Airbus will open the A320 line in China the second that they get enough orders from state controlled China airlines to make it worth their while. It's a political move, pure and simple.

User currently offlineTrex8 From United States of America, joined Nov 2002, 4770 posts, RR: 14
Reply 10, posted (7 years 12 months 4 days 9 hours ago) and read 2854 times:
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Quoting Stitch (Reply 7):
My only worry is that if Airbus opens an A320 line in China, that will close China as a source of A320E and A320RS orders as China will source their narrowbodies from their own plant.

why wouldn't the Chinese make the newer models as well if there is a large enough local market?


User currently offlineShenzhen From United States of America, joined Jun 2003, 1710 posts, RR: 2
Reply 11, posted (7 years 12 months 4 days 8 hours ago) and read 2822 times:

If history tells us anything, opening a new A320 plant will not offer Airbus any increase in the Chinese market.

McDonnel Douglas, Embraer and Bombadier have all tried this in the past, yet they never gained anything in return, after the first batch were sold.

In fact, China bought more 737s and A320s over the MDs when they were being assembled there.

Cheers


User currently offlineStitch From United States of America, joined Jul 2005, 31011 posts, RR: 86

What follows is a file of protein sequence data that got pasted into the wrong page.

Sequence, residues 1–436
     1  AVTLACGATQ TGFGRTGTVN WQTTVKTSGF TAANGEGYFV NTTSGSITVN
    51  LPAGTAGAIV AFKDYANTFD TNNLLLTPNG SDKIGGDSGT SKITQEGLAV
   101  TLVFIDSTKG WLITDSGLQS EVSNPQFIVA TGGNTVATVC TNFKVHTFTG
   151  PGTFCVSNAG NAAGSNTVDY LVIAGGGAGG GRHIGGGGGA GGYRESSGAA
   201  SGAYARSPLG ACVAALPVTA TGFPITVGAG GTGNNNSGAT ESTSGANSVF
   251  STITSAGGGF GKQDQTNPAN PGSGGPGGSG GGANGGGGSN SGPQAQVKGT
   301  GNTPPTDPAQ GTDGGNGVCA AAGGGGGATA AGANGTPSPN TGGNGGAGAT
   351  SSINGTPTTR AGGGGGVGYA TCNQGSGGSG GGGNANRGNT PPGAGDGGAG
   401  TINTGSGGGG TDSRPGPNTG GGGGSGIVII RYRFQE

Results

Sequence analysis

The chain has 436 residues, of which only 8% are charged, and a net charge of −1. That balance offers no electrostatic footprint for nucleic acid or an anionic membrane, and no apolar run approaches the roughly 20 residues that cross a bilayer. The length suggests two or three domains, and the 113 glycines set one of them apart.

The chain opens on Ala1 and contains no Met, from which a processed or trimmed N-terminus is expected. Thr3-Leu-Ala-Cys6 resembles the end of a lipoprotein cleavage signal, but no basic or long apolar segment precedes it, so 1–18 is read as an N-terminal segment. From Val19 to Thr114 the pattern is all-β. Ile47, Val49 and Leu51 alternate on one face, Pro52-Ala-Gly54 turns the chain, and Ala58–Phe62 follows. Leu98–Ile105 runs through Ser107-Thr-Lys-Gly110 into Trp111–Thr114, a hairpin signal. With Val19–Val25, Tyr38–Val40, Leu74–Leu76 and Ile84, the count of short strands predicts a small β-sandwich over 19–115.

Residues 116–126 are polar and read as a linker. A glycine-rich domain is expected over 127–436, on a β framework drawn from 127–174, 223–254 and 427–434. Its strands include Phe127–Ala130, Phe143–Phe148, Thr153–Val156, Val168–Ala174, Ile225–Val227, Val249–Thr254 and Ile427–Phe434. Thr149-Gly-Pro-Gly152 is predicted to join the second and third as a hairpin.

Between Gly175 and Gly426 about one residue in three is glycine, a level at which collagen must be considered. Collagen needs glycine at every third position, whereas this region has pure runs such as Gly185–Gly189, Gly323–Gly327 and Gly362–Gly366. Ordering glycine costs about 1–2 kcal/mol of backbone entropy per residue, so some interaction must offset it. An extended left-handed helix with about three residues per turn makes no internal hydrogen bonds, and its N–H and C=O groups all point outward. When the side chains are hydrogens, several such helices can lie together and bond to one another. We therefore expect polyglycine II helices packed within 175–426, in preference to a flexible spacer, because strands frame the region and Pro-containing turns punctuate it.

Reply 12, posted (7 years 12 months 4 days 7 hours ago) and read 2794 times:
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Quoting Trex8 (Reply 10):
Why wouldn't the Chinese make the newer models as well if there is a large enough local market?

It depends on what facilities the A320E and, especially, A320RS require. If the A320RS is CFRP as expected, you won't be able to build it on a traditional A320 line. So it might not be possible for the Chinese plant to build anything other then the A320.

Also, Airbus may want to keep A320E production in TLS and HAM as such planes would have higher market values and could be sold for a premium over the A320, which would help cover the higher EU production costs.

Such a dual strategy could allow Airbus to bracket the 737NG, using the capabilites of the A320E on the top and lower prices on the A320PRC on the bottom.